“Hahnschlagen” (rooster beating) is believed to be an older form of Sorbian summer ‘rooster games’. Once a popular tradition throughout Lusatia, the custom is now only preserved in a few villages in Lower Lusatia. Hahnschlagen used to be a rather brutal pastime, with blindfolded competitors attempting to use a flail to beat a rooster sitting in a dug-out pit and covered with sticks and twigs. In Schmogrow, local men are set the task of hitting an upside-down saucepan with a flail with their eyes covered. The most skilful candidate is crowned the Hahnschlagen King and allowed to catch one of the ladies dancing around him in a circle to make her his queen – all while still wearing his blindfold. The rooster still forms part of the modern-day custom, sitting in a closed basket decorated with flowers and foliage. At the end of the event, the rooster is released to be chased and caught by the younger members of the village. The first person to catch it becomes the second king. The rooster is then auctioned off before the local residents gather to bring the day to close with a traditional dance.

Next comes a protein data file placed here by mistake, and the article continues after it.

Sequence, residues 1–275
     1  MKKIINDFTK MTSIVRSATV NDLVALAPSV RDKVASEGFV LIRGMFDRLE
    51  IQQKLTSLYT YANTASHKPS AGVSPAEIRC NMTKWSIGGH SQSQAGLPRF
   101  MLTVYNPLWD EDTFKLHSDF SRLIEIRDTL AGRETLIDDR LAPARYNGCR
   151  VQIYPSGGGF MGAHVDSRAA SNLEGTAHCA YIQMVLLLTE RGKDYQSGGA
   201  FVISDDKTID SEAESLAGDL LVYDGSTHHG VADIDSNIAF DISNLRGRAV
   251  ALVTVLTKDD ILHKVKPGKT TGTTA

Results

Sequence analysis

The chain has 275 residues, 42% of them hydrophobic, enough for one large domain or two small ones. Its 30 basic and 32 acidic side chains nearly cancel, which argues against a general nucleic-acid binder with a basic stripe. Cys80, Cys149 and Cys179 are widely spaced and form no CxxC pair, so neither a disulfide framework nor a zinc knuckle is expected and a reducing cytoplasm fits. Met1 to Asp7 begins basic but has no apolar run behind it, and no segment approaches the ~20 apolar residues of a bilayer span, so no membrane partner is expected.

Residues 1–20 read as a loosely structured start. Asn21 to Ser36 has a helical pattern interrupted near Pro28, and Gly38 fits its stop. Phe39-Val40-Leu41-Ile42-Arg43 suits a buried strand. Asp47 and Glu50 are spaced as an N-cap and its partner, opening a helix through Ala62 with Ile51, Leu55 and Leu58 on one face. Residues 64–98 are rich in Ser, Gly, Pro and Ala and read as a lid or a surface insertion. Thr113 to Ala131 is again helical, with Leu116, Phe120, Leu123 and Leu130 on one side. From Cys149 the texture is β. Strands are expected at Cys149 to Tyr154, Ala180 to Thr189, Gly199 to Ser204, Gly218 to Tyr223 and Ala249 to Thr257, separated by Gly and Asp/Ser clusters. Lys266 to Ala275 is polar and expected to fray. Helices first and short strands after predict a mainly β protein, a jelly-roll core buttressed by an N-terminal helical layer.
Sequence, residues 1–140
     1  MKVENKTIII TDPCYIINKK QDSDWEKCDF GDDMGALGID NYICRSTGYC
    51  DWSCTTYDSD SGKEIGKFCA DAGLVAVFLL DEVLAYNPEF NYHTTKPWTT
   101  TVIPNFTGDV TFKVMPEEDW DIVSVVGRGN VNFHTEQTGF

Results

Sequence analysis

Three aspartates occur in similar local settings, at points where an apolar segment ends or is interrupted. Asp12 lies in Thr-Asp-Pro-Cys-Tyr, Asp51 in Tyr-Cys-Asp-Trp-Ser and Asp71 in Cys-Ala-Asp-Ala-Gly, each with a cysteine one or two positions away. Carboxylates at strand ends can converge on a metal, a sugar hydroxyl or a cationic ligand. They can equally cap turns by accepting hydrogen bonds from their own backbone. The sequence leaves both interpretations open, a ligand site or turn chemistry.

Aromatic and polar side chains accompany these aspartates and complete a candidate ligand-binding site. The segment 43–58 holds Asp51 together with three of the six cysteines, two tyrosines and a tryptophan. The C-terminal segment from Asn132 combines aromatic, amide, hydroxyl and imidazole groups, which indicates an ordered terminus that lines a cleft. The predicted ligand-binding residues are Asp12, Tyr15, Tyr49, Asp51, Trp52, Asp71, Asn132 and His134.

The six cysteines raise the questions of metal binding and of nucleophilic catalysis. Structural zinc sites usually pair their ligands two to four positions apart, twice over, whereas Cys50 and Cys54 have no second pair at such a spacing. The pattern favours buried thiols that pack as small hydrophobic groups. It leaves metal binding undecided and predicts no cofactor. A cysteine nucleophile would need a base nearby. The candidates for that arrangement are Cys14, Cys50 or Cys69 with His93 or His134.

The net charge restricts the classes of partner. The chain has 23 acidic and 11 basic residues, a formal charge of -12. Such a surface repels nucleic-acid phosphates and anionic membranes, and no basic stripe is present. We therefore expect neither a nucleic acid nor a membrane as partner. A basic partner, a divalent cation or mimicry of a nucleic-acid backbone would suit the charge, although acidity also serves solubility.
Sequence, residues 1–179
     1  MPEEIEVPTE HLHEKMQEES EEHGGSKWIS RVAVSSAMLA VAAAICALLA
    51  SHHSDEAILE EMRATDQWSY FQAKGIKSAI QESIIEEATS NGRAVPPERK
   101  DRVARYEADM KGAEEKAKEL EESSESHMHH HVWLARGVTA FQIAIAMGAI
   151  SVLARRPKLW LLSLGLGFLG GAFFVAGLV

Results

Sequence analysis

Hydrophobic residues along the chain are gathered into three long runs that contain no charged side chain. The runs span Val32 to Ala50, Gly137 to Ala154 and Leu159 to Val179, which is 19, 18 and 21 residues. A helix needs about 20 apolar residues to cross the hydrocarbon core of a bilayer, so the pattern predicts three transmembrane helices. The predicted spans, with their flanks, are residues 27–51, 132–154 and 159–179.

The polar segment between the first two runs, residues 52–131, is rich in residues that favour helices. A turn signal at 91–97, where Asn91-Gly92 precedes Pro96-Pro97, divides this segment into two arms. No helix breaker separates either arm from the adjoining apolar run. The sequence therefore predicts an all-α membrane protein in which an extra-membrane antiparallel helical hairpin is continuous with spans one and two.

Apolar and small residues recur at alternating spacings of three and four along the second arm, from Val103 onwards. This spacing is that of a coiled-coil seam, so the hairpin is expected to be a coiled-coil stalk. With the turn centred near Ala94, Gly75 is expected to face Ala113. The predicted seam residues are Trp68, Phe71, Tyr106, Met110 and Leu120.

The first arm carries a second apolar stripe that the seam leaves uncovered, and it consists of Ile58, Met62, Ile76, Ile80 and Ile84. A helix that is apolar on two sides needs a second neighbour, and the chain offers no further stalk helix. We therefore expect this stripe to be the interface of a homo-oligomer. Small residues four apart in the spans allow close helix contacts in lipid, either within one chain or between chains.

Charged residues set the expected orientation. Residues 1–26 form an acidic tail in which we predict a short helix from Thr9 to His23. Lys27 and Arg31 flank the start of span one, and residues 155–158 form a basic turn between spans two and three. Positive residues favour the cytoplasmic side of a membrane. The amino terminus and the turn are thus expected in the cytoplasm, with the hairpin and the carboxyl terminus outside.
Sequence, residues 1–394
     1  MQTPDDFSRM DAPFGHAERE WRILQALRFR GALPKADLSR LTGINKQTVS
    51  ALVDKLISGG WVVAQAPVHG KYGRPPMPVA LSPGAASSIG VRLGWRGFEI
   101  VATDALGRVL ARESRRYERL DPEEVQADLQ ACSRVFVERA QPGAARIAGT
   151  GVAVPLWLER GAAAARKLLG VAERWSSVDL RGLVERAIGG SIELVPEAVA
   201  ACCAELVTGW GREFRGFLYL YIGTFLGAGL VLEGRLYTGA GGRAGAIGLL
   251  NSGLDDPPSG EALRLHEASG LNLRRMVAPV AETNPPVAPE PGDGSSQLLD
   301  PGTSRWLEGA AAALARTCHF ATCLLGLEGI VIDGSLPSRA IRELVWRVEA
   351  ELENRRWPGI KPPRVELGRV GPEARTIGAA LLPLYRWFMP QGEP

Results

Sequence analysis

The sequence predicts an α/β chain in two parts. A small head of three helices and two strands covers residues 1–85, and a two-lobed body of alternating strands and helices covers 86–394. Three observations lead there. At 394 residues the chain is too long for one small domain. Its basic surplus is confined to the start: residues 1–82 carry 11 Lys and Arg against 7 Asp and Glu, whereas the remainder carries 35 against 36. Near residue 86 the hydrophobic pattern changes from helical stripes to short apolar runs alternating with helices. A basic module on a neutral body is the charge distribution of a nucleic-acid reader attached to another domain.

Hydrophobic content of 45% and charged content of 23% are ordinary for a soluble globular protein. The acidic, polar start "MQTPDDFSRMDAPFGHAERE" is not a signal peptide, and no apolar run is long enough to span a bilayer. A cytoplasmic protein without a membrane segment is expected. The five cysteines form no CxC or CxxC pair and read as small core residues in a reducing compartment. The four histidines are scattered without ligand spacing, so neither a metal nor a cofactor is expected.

Here you can find brief descriptions (in German) of a number of Sorbian customs that are still practised in the present day. Visit